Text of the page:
A few weeks ago, I was strolling with my family on a beach (in beautiful Rarotonga, if you must know, though only because our plane stopped there on the way to somewhere else). I was musing about robots, as usual, and my wife says, “You know what would really be impressive? If robots could walk on sand and rocks like this.”
She had a point — you can actually feel how hard your ankles and legs are working, and how actively you’re balancing, when navigating such rough terrain. I think I mumbled something about how someday in the future technology would get there, and probably changed the subject.
We’ve talked about use of the popular Raspberry Pi computer as a robot controller before. There’s the RAPIRO, a Japanese biped designed specifically for that; and then there’s the news that Mathematica is available on the Pi for free. But the Pi wasn’t really designed for this sort of use; it’s bigger and more power-hungry than we would like, and doesn’t have as many general-purpose I/Os (GPIOs) as we might want.
That’s about to change.
I’ve recently posted about the Z-Machines robot band, which follows in the footsteps of Compressorhead. The critical question is always raised: can these robot musicians really engage their audience the way a human performer does?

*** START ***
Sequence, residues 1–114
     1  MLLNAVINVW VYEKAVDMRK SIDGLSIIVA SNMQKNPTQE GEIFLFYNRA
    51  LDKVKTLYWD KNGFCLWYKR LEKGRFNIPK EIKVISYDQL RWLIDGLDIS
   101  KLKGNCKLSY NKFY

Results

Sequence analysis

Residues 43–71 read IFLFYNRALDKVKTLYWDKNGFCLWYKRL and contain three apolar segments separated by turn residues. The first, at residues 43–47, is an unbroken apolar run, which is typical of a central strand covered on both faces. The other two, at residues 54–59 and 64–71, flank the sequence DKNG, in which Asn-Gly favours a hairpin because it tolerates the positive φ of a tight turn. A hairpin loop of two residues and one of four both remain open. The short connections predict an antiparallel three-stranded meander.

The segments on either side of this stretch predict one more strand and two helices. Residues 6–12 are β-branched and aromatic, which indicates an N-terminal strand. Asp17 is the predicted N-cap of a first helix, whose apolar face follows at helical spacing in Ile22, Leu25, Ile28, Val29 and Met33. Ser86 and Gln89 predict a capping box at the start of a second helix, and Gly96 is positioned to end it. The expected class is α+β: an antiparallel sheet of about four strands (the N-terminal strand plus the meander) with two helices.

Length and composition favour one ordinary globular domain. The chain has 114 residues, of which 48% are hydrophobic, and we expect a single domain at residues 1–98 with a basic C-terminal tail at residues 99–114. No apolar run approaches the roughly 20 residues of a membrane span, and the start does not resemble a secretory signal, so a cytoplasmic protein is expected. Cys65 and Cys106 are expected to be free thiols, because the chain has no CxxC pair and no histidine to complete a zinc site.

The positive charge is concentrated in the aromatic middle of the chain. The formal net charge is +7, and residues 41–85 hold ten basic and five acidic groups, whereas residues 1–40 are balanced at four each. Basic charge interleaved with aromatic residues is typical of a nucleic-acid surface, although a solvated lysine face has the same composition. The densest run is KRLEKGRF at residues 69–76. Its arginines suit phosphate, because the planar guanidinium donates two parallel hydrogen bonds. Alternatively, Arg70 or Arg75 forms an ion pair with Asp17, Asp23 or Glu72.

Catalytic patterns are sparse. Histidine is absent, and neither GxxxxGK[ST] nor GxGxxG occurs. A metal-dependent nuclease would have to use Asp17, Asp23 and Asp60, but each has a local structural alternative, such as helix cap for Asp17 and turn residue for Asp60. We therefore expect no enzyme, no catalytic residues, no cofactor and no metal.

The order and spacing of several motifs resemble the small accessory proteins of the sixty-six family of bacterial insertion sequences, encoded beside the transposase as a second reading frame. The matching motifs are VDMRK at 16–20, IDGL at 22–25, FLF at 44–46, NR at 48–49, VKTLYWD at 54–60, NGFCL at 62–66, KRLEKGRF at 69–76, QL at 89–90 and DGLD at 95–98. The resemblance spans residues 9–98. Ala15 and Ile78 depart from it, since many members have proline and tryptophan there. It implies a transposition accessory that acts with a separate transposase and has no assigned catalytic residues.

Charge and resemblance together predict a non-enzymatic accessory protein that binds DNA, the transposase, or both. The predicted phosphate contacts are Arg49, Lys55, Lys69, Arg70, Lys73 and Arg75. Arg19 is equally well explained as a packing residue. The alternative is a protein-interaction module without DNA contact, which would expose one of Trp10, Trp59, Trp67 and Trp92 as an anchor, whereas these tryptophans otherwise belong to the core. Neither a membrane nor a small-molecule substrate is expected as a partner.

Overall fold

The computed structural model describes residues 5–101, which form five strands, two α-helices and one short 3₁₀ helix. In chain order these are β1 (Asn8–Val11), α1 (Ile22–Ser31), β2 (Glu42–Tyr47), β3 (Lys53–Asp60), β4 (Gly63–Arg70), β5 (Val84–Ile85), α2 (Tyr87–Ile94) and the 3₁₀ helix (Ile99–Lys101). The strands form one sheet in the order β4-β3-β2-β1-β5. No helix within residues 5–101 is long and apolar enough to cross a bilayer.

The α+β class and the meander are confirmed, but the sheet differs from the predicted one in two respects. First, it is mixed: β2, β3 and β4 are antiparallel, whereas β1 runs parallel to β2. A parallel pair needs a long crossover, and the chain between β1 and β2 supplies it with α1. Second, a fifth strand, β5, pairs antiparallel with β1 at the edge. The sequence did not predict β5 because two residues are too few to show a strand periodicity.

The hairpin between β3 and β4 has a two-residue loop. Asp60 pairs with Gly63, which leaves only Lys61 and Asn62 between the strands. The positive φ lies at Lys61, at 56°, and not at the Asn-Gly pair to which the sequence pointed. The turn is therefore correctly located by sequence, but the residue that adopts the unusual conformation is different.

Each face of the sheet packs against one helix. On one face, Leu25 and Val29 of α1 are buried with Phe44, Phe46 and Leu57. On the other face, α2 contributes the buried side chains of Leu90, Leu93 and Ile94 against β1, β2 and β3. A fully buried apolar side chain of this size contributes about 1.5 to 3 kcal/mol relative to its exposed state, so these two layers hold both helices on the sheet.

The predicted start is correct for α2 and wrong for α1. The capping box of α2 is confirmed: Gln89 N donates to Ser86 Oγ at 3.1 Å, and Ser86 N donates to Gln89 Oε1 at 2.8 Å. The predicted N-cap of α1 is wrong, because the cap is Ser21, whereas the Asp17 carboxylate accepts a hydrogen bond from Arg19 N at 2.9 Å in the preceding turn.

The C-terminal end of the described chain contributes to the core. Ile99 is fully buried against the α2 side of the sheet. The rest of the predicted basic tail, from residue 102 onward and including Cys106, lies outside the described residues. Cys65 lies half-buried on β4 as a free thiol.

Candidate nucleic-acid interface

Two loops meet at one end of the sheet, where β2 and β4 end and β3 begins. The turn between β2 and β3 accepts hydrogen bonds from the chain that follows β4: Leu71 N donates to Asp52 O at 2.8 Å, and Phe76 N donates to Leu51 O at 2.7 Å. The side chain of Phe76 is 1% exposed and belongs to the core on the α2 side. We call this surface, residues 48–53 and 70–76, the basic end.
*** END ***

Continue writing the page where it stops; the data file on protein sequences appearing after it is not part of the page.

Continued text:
One researcher who has spent years studying that very question is Guy Hoffman. In addition to his robotics chops, Hoffman is also an accomplished animator and jazz musician. He’s been working for years to make robots that people will relate to at an emotional level, in contexts ranging from musical improv to factory work. He’s found that not with the right sensors and programming, not only is a robot more likeable and fun, but it can work more productively, too.
We’ve posted before about the NAO robot, made by French company Aldebaran Robotics. Yes, it’s a pretty advanced humanoid, standing up well even compared to most of those from Japan or Korea. But I haven’t shown them a lot of love, because until now, they haven’t showning much love to robot hobbyists; the NAO was available only to educational institutions, and then with a price tag of $16,000.
All that just changed.
Years ago, the Robo-One competition was mostly about the robots trying to stay on their feet. Given the slightest nudge, a humanoid robot would generally topple over, so no sophisticated attack strategies were needed — just bump into the other guy.
In recent years, though, robots have been getting better and better at staying on their feet (though they still fall flat for little or no reason from time to time). So attack strategies have been getting more sophisticated.
In the video below (thanks to Lem Fugitt at Robots-Dreams), you can see the top robots in the Japan 7 “Bantam Weight” (2-3 kg) competition. The silver robot, Bayonet Onyx, is equipped with large claws, which it successfully employs twice in the match to grab his opponent and literally grapple him to the ground.